Heia, Norge !

Three of my four grandparents are from Bergen, Norway. My paternal aunt and cousins live there and in Oslo. Southwestern Norway is a beautiful and uncrowded place, but since it’s been a very expensive socialist nanny-state I’ve preferred the US for the cultural and geographical variety, and for the freedom and (apparent) prosperity. But now I have more envy for my Norsk relatives. Norway and Sweden are free and open societies that have dispensed with lockdowns, and although they aren’t outwardly obvious about it, Norwegians are a prosperous people with low concentrations and disparity of wealth among them. Because their culture views lavishness as vulgar, the people and the government are debt-averse and modest in spending. The population is around 5.4 million, the NBIM sovereign wealth fund has around $1.4 Trillion in assets, a national debt of $1.85 Billion with a debt/GDP of 46%, and unlike most other countries, the Norwegians plan to preserve their wealth and carry it well into the future. And since Norway is not an EU member state, it is exempt from paying money and taking directives from the unelected Mandarins in Brussels who are pushing the Great Reset.

Elsewhere, governments are preparing to default on the unmanageable sovereign debts that they have stacked-up, and to dissolve the public pension and benefit plans they promised their peoples. They intend instead to place them on a universal basic income that will keep them alive but deprive them of the financial freedom that they worked all their lives to gain, binding them in perpetuity under government control instead. The political leaders are doing this by evermore tightly bringing the citizens under their domination in order to prevent their ability to respond in the standard way throughout history to such fiscal obliquity: by rising up in revolt to throw out these leaders that have betrayed them.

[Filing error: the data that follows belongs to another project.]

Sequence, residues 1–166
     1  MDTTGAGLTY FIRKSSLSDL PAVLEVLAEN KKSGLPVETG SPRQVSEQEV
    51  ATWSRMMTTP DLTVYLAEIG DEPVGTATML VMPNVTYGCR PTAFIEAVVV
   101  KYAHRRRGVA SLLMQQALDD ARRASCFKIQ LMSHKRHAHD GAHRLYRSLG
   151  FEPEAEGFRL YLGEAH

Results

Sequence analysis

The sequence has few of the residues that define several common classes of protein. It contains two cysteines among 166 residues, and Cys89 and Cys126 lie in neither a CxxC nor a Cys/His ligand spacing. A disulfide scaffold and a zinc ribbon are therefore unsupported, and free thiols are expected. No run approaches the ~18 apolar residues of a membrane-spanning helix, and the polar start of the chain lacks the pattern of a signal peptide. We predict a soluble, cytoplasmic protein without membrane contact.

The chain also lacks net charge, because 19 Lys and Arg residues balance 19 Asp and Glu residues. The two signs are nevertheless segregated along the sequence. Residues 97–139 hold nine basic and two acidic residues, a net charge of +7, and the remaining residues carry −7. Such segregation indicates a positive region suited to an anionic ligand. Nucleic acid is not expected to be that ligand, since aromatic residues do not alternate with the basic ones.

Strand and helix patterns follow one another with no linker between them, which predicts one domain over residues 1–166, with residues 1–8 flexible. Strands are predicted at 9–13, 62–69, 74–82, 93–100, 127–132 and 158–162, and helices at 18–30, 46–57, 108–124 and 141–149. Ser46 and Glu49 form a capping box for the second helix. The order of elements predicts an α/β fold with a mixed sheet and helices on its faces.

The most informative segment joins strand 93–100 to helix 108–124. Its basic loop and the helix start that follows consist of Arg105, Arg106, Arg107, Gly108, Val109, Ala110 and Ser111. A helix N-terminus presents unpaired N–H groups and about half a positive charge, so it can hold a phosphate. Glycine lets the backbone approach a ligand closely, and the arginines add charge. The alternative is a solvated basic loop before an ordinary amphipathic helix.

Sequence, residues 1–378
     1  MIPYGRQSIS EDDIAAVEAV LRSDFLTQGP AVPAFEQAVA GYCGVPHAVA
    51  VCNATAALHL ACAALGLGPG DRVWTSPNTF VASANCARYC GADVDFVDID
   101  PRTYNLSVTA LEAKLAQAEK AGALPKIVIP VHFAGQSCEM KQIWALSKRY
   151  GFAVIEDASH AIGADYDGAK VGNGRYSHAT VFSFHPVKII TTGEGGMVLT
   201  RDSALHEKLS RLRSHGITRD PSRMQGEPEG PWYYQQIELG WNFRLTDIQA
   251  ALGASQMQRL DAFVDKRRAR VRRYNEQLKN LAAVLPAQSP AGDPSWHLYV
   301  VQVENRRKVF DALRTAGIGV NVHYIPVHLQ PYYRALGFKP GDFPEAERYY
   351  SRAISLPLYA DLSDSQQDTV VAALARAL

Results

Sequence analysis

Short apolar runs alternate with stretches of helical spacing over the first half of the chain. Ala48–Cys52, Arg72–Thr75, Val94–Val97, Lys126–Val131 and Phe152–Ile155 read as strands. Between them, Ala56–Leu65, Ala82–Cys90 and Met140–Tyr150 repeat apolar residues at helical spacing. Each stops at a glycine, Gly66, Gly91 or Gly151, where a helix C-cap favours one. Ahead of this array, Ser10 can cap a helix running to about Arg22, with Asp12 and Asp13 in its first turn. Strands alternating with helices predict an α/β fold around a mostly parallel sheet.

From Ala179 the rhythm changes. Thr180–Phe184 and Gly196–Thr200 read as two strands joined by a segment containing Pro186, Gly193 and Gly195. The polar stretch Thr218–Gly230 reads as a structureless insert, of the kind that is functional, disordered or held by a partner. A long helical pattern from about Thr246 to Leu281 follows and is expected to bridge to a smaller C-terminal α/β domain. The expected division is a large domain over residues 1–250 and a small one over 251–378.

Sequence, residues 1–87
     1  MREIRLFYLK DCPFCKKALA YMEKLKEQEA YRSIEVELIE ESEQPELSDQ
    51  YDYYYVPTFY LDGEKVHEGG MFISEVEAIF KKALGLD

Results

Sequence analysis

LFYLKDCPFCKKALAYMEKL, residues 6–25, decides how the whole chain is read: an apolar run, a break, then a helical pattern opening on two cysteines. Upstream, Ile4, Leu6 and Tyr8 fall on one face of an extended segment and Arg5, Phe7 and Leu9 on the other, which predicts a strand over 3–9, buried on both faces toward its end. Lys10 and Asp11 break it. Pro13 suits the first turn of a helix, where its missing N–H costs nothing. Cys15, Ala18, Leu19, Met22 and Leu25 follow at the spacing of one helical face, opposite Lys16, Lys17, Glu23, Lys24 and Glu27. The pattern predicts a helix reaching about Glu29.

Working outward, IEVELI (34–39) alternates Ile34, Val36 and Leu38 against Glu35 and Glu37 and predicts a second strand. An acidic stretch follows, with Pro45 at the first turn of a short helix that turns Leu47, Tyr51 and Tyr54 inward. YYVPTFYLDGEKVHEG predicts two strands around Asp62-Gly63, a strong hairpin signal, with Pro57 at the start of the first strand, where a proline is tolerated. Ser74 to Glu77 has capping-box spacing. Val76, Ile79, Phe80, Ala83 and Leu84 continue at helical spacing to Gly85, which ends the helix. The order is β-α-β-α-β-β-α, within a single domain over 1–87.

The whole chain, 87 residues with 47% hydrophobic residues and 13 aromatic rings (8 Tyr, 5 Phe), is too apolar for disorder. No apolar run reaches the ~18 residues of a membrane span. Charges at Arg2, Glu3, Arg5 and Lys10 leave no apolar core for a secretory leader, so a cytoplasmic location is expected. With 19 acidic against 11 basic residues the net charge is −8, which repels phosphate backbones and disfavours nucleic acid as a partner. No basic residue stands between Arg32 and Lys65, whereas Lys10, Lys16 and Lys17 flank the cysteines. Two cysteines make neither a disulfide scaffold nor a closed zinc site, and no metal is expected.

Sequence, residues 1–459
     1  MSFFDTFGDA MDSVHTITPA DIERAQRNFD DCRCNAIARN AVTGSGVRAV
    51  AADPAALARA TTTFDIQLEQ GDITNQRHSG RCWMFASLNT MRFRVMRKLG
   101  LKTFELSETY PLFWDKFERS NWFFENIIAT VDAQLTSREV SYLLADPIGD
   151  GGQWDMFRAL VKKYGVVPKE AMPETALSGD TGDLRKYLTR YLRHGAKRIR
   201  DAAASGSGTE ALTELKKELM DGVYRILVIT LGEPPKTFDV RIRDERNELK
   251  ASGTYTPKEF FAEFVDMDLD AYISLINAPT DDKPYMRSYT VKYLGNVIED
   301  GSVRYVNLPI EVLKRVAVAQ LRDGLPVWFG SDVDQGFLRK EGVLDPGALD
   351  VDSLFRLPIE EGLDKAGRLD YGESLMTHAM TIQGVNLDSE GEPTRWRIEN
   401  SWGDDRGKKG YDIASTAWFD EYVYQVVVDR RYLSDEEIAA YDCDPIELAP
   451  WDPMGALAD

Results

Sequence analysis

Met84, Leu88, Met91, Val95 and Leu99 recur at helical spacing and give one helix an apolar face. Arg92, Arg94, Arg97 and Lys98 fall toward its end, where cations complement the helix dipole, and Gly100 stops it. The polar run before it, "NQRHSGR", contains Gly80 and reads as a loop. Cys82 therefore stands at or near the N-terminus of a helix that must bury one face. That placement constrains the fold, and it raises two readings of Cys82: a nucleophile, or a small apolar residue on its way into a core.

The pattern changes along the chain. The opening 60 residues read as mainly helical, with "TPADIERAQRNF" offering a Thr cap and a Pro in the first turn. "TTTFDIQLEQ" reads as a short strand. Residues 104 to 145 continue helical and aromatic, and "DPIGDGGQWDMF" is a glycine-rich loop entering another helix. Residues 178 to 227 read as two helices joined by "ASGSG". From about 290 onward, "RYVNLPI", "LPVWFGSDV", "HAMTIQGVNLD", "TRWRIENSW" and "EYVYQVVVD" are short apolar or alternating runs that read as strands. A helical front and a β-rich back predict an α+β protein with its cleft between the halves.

Covid oppression is a power that they have in-hand now, and governments never relinquish any power once they have arrogated it to themselves. So no matter how crazy their policies, purported rationales, and disinfo/propaganda around Covid/Omicron become, and what negative effects of vaccine policies become evident, expect them to continue using them to ratchet-down our freedom and rights, and to more viciously vilify and punish those who object and resist. Despite the media censorship, many of us know about the vax-related incidences of myocarditis and stillborn babies. Horrific cases have been reported with some mothers-to-be who received the Moderna vaccine of their newborn babies perishing of bleeding disorders from the mouth, nose, and eyes. That we are prevented from gaining accurate data and clinical accounts on these risks is simply criminal.